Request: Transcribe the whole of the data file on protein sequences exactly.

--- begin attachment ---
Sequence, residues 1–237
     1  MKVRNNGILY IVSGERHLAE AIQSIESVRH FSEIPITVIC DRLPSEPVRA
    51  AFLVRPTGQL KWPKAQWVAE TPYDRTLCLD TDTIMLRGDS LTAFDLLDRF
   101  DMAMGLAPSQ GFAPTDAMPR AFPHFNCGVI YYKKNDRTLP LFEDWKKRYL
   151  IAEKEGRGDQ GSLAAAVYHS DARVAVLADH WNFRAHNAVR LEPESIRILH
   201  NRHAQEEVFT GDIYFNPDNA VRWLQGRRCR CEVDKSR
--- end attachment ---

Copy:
Sequence, residues 1–237
     1  MKVRNNGILY IVSGERHLAE AIQSIESVRH FSEIPITVIC DRLPSEPVRA
    51  AFLVRPTGQL KWPKAQWVAE TPYDRTLCLD TDTIMLRGDS LTAFDLLDRF
   101  DMAMGLAPSQ GFAPTDAMPR AFPHFNCGVI YYKKNDRTLP LFEDWKKRYL
   151  IAEKEGRGDQ GSLAAAVYHS DARVAVLADH WNFRAHNAVR LEPESIRILH
   201  NRHAQEEVFT GDIYFNPDNA VRWLQGRRCR CEVDKSR